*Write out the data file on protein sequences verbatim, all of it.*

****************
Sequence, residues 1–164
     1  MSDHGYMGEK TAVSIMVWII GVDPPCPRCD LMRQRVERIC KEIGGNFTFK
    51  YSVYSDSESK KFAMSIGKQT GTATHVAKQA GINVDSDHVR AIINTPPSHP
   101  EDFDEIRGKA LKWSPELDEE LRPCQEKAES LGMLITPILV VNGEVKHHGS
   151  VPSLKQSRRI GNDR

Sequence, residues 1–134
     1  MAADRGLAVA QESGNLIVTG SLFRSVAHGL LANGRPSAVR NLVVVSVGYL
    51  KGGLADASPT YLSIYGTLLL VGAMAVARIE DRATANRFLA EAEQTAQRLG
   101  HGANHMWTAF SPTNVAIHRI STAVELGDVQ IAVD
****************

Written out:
Sequence, residues 1–164
     1  MSDHGYMGEK TAVSIMVWII GVDPPCPRCD LMRQRVERIC KEIGGNFTFK
    51  YSVYSDSESK KFAMSIGKQT GTATHVAKQA GINVDSDHVR AIINTPPSHP
   101  EDFDEIRGKA LKWSPELDEE LRPCQEKAES LGMLITPILV VNGEVKHHGS
   151  VPSLKQSRRI GNDR

Sequence, residues 1–134
     1  MAADRGLAVA QESGNLIVTG SLFRSVAHGL LANGRPSAVR NLVVVSVGYL
    51  KGGLADASPT YLSIYGTLLL VGAMAVARIE DRATANRFLA EAEQTAQRLG
   101  HGANHMWTAF SPTNVAIHRI STAVELGDVQ IAVD